then it will be seen that the average rate of production of
sized warp is 0·5S lb/h. 17
'Suppose the running speed is increased by 50 % (for
example, by the installation of accelerated cylinder drying); 16
then, from formula (5): Total
ffi . _ , 10 OOOP %,
new e c1ency- lOOP+ST(l00+ 50) 0 , 14
'If it be assumed that the value of Tis unaffected by the
increased running speed and therefore that T=P/S as before, "'

the value of the efficiency becomes 40 %, and, by applying § 12

formula (6), the new average production rate works out at
0·6S lb/h. Q,
'The above calculation shows that for a machine on which "'
the down-time is constant, an efficiency of 50 % is decreased ... rn

to 40 % by increasing the running speed by 50 %. Moreover, §

this 50 % increase in running speed brings about only 20 % 9
increase in the rate of warp production. It is therefore not Q,

possible, except where high machine efficiency can be main- ....ol"' 8

tained, to obtain very much advantage in warp production =II 7
from even considerable increases in running speed. This l:Q
point is of importance when consideration is being given to 6
the likely effect on production of re-equipment with new
sizing machines capable of running at high speeds.' 5


It has been stressed earlier that in pure sizing the main o~e is
to improve _!_he .Y:!_avability of war s. Weaving a warpwithout size 3
will resulfTn high en - rea age rates in terms of breaks per 10 000
ends per I0 000 picks. On the other hand, an over-sized yarn will
result in a high warp-breakage rate. Between the two extremes, a
certain size percentage on the warp will lead to a minimum breakage
rate, and this percentage may be called the optimum size percentage.
If a curve is plotted of breakage rate against size percentage on the 0 2 3 4 5 6 7 8 9 10
warp, an asymmetrical U-shaped curve is usually obtained, this
being the 'sizing-weaving' curve. An example of such a curve is S=Size %
produced in the following example. The actual curve shape will 7.30 Sizing-weaving curves

426 427

point of view, for size applied must later be removed, an error on Rearranging gives:
the lower side of the optimum would appear preferable to an error
on the high side. Since, however, the sizing-weaving curve normally
rises much more steeply on the lower side of the optimum, a large
The method employed in the above example has used some simple
error on the lower side would lead to serious trouble with the warps
calculus to produce the required answer, and the time required is
in the weaving shed. The aim is therefore to obtain the optimum
size percentage on every warp. clearly much less than that for the solution by graphical methods.
The present textbook has not covered calculus. but the young
EXAMPLE 7.17 technologist would be well advised to study this useful branch of
In weaving a certain warp, it was found that breaks of a certain class were related mathematics.
to the size added by the formula B=20/S+3, the remaining breaks being given
by B=0·8S + 2, where B= the number of breaks per 10 000 ends per 10 000 picks
and S= percentage size added. Plot B against S for each of the two classes of 7.9 Weft Preparation ·
breaks and for the total breaks. Determine the minimum total breakage rate and 7.9.1 INTRODUCTION
the optimum size percentage. (Question taken from ATI Part II Examination,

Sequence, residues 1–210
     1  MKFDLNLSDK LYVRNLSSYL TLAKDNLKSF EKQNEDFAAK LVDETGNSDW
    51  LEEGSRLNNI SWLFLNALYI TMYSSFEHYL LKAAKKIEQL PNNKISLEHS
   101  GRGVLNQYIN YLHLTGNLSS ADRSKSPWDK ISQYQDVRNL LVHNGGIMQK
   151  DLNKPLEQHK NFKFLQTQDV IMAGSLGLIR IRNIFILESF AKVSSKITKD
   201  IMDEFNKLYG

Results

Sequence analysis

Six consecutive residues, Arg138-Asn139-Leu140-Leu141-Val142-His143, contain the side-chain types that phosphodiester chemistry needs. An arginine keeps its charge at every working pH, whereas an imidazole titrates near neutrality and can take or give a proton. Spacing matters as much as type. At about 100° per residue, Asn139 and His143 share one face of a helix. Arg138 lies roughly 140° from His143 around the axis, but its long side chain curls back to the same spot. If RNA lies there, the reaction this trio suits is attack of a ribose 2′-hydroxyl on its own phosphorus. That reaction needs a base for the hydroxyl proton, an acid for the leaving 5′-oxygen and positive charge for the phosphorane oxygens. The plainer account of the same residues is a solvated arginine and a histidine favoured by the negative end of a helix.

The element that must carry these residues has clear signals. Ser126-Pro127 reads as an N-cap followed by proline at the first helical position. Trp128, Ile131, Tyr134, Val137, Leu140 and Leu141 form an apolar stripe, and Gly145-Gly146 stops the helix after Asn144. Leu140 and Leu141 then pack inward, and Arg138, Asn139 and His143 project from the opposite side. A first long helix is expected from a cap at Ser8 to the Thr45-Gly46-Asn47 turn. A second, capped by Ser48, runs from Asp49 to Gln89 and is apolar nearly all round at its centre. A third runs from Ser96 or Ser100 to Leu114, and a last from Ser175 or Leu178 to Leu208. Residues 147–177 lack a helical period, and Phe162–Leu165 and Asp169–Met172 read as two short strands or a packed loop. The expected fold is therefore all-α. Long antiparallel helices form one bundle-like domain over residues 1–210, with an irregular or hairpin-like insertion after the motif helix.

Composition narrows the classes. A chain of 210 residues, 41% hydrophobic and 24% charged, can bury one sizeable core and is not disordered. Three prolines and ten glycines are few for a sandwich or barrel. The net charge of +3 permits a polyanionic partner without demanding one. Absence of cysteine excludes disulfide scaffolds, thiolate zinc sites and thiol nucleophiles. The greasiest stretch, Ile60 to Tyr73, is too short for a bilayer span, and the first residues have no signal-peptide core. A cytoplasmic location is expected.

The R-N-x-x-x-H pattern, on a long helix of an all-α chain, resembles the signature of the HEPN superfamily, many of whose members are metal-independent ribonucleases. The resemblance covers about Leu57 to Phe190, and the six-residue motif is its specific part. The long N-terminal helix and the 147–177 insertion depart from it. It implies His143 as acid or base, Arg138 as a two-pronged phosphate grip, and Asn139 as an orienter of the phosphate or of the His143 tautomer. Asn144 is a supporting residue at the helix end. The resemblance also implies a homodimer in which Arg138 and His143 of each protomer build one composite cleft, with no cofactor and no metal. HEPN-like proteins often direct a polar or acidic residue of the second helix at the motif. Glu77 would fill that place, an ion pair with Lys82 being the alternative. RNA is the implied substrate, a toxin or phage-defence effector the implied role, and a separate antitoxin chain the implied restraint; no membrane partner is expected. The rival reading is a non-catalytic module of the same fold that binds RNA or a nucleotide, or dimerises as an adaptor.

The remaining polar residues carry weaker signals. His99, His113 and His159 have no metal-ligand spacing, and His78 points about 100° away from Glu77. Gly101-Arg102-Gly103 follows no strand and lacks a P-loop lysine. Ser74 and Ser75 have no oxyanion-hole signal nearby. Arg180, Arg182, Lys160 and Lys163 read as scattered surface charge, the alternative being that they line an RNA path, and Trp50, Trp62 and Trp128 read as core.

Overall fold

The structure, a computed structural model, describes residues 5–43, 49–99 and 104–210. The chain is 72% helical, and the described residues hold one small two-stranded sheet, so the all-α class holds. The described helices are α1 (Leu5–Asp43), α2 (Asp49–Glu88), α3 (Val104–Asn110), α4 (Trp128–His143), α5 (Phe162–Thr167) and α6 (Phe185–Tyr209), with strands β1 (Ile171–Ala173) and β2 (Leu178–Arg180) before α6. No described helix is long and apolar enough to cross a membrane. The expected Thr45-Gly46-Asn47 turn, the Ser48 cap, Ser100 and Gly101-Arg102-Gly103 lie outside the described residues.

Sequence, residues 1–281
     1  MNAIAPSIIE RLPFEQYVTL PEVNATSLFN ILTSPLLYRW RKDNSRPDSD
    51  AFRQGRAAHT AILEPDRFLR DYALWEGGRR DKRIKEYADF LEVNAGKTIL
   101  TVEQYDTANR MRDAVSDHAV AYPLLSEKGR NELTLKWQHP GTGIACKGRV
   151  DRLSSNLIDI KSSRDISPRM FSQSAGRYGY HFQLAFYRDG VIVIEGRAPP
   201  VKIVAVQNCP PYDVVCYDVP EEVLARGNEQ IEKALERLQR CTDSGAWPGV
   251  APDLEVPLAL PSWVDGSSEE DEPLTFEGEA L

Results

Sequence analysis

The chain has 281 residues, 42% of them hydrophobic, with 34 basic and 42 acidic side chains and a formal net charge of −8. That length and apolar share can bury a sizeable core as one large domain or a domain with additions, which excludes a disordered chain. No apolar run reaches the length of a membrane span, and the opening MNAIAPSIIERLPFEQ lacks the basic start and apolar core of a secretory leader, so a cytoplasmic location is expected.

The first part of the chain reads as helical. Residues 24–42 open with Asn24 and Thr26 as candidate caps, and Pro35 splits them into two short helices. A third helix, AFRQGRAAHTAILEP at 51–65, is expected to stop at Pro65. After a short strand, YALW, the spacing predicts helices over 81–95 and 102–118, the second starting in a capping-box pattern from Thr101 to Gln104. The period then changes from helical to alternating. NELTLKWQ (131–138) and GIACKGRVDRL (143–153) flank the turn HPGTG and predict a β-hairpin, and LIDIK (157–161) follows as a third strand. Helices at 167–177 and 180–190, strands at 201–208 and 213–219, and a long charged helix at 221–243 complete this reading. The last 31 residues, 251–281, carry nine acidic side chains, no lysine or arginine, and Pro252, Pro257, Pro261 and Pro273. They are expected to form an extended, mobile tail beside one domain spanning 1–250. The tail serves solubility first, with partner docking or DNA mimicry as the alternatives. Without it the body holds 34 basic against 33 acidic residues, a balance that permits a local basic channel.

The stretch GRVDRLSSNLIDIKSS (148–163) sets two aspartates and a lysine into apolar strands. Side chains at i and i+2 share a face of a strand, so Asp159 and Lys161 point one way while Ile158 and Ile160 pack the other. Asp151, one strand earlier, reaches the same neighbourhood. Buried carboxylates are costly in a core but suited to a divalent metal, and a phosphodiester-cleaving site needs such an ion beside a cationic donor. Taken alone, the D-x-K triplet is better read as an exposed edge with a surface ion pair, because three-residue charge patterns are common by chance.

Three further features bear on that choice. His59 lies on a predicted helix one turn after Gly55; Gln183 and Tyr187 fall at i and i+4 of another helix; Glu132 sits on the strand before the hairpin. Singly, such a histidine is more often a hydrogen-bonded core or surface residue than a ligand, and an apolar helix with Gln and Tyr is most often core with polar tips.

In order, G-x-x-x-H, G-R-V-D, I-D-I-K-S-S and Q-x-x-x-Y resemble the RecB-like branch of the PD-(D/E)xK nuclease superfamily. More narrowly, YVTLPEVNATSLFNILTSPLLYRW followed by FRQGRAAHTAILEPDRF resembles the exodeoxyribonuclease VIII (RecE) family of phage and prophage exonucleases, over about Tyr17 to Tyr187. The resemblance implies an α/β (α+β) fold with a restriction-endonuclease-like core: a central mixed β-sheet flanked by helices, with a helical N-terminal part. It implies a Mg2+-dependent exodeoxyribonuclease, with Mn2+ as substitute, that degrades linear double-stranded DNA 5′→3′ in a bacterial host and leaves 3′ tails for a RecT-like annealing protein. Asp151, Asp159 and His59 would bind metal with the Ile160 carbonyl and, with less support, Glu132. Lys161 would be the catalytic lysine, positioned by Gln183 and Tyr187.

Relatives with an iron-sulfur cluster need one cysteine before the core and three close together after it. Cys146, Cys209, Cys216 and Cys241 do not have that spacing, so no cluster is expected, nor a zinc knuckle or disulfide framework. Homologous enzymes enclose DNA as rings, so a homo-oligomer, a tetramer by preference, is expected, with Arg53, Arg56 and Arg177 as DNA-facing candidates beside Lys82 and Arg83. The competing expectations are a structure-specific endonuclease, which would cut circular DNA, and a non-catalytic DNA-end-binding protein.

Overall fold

1963.) A small percentage of the weft used in conventional looms may not
Table 7.6 shows the breakage rates in the two classes and the total breakage receive preparation, the package produced by the spinning unit
rate. Fig. 7.30 shows the two classes of breaks and the total breaks plotted against being considered suitable, e.g., yarn spun directly onto pirns. Such
the size percentage.
weft yarn will contain faults that would normally be taken out
TABLE 7.6 I' during a preparation process. Most weft yarn is rewound into
Size Percentage, S Class (i) Breaks Class (ii) Breaks Total Breaks
packages that can withstand the considerable forces that occur
when the shuttle is accelerated and retarded during picking. The
2 13 3-6 16·6
dimensions and structure of the weft package are related to the type
9·7 4·4 14·1
4 8 5·2 13·2
of yarn being processed, slippery continuous-filament yarns demand-
5 7 6 13 ing differc:lnt treatment from that given to rougher staple-fibre yarns.
6 6·3 6-8 13·1 Such modern looms as the Sulzer or air- and water-jet looms do n'ot
7 5-9 7·6 13·5 use pirns and shuttles, but even so the weft supply is n~rmally in the
8 5·5 8·4 13·9
9 5·2 9·2
form of a cone or cheese whose structure must be suitable for the
10 5 10 15 loom it serves. Some numerical examples showing the problems
likely to be met in weft preparation for c.onventional looms will now
Class (i): B=20/S+3. Class (ii): B=0·8S+2. Total: B=20/S+0·8S+5. be considered.
Inspection of the graph of the total breakage rate against the size percentage
shows that the minimum rate is obtained at the optimum size percentage of 5 %. 7.9.2 WEFT CONSUMPTION OF A LoOM
If we write down the total breakage rate as an equation, we obtain: This is best explained by reference to a few examples.
20 ~ EXAMPLE 7.18
B=s+3+0·8S+2, 1

i.e.: I A loom runs at 210 picks/min at an over-all efficiency of 82 %. The warp width
20 in the reed is 1·2 m and the linear density of the weft is 30 tex. What is the weft
B=s+0·8S+5. consumption per 8 hours?
Differentiating gives: The length of weft per pick is taken to be the warp width in the reed, i.e.,
dH 20 1·2 m. Hence: 1

ds= - s•+ 0·8· length of weft used per hour_ I ·2 x 210 x 60 k

For'B to be a minimum: at 100% efficiency - 1000 m
-s2 +0·8=0. =15·12 km.
At 82% efficiency,· the length used in 8 his: